An Efficiency Paradox of Uberization

34 Pages Posted: 14 Oct 2019 Last revised: 15 Oct 2019

See all articles by Kenan Zhang

Kenan Zhang

affiliation not provided to SSRN

Hongyu Chen

affiliation not provided to SSRN

Song Yao

Washington University in St. Louis - John M. Olin Business School

Linli Xu

University of Minnesota - Twin Cities - Carlson School of Management

Jiaoju Ge

affiliation not provided to SSRN

Xiaobo Liu

Southwest Jiaotong University

Marco Nie

Northwestern University

Date Written: October 13, 2019

Abstract

Uberization promises to transform society based on an intuitive proposition: Advanced peer-to-peer matching guarantees greater overall efficiency. Here we show a paradox challenging this proposition in uberized ride-hail service, known as e-hail. By analyzing hundreds of local markets in Shenzhen, China, we discover e-hail is outperformed—in terms of wait time and trip production—by taxis hailed off street in areas with high densities of passengers and drivers. This paradox arises because a quicker match does not always expedite and enhance a service. On the contrary, it can induce competition that undermines the network effect, making a passenger less likely to benefit from more drivers, and vice versa, in e-hail than in taxi service. Consequently, simply attracting more users may not improve e-hail’s efficiency (defined as trip production at a given density of passengers and drivers), because its competitive edge diminishes with scale. The finding implies uberization has a limited impact on efficiency and is unlikely to create a “winner-take-all” in transportation.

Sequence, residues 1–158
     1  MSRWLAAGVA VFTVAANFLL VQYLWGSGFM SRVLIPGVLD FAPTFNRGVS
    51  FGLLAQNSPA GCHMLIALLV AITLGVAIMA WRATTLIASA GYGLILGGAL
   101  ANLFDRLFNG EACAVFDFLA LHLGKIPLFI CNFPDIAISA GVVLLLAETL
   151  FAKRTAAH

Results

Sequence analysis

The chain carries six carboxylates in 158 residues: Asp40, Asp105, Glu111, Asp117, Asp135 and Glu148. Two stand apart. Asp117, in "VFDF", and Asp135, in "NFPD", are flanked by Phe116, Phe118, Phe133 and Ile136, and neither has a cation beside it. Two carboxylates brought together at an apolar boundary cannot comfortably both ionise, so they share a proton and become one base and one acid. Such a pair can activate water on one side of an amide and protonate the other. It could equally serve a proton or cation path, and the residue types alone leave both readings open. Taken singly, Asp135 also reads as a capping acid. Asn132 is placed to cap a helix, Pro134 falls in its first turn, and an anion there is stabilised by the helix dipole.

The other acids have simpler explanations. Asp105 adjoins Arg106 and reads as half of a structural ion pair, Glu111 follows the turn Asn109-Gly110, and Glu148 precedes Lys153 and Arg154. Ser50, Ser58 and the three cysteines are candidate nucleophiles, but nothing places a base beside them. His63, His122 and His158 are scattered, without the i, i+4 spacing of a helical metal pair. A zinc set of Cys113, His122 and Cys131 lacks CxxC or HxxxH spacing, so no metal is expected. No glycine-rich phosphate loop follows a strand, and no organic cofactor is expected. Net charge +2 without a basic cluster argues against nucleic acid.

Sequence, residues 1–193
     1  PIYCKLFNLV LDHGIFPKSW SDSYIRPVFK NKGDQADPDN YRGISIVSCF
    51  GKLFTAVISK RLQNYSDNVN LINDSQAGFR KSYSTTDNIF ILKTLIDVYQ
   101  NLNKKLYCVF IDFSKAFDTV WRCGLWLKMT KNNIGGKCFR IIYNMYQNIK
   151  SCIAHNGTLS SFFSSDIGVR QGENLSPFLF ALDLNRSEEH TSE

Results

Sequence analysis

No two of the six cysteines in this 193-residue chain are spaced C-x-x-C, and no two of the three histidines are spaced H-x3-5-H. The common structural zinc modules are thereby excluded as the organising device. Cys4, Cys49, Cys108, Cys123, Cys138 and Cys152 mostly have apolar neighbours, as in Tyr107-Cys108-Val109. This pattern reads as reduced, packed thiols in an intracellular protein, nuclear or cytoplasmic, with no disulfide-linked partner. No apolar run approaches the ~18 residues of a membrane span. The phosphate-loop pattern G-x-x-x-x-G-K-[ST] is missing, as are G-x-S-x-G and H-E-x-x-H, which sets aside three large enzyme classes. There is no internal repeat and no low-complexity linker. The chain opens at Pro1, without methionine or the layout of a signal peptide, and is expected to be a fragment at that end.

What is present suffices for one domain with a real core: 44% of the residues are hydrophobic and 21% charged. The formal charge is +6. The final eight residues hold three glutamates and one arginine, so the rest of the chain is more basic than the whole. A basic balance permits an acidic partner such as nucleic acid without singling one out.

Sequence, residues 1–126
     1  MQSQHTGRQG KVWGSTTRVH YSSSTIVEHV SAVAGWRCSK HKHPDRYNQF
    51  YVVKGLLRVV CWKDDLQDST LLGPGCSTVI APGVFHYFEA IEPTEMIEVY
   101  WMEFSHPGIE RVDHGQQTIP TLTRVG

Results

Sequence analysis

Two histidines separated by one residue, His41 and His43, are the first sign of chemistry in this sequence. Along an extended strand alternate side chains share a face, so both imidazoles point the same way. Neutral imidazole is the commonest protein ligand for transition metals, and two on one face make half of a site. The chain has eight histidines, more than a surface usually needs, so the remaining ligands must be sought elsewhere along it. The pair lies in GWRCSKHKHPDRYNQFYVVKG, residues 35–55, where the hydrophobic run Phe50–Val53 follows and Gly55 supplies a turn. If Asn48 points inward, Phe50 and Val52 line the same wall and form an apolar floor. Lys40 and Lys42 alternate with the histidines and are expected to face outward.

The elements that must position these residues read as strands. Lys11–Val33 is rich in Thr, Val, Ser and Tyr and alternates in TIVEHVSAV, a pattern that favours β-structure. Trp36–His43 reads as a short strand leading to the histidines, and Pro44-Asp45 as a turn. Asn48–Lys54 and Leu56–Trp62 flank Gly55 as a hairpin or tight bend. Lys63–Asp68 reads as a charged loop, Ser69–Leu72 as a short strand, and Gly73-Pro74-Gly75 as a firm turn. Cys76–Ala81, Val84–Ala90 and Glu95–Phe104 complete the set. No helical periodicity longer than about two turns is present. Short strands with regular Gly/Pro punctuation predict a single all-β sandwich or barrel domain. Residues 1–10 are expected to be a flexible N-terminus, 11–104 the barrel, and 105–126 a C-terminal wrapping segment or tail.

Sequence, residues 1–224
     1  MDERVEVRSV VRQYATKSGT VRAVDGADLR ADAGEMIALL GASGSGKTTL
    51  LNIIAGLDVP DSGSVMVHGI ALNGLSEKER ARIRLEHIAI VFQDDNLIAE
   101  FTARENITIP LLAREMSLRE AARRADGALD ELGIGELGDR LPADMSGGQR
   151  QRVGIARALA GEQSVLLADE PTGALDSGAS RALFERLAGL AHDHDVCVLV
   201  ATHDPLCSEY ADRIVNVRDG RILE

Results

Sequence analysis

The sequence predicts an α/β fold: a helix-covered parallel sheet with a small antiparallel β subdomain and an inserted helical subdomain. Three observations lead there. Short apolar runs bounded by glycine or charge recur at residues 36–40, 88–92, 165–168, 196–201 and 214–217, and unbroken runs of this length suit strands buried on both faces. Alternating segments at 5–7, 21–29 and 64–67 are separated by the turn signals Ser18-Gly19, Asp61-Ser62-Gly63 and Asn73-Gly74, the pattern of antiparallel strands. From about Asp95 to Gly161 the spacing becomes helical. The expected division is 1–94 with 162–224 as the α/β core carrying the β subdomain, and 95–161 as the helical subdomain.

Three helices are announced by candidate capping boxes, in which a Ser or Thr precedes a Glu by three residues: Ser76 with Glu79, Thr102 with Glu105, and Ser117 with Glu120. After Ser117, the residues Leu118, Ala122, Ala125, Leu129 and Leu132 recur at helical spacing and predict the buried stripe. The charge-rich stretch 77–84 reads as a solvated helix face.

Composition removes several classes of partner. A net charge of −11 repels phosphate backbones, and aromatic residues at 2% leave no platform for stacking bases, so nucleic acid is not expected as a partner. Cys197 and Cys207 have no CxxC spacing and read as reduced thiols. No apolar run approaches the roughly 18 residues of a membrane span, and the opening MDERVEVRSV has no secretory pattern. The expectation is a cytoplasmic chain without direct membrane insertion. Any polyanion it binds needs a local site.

Suggested Citation

Zhang, Kenan and Chen, Hongyu and Yao, Song and Xu, Linli and Ge, Jiaoju and Liu, Xiaobo and Nie, Marco, An Efficiency Paradox of Uberization (October 13, 2019). Available at SSRN: https://ssrn.com/abstract=3462912 or http://dx.doi.org/10.2139/ssrn.3462912

Kenan Zhang

affiliation not provided to SSRN

Hongyu Chen

affiliation not provided to SSRN

Song Yao

Washington University in St. Louis - John M. Olin Business School ( email )

One Brookings Drive
Campus Box 1133
St. Louis, MO 63130-4899
United States

HOME PAGE: http://www.songyao.org

Linli Xu

University of Minnesota - Twin Cities - Carlson School of Management ( email )

321 - 19th Avenue South
Minneapolis, MN 55455
United States

Jiaoju Ge

affiliation not provided to SSRN

Xiaobo Liu

Southwest Jiaotong University ( email )

Chengdu, Sichuan
China

Marco Nie (Contact Author)

Northwestern University ( email )

2145 Sheridan Road
Evanston, IL 60208-1230
United States

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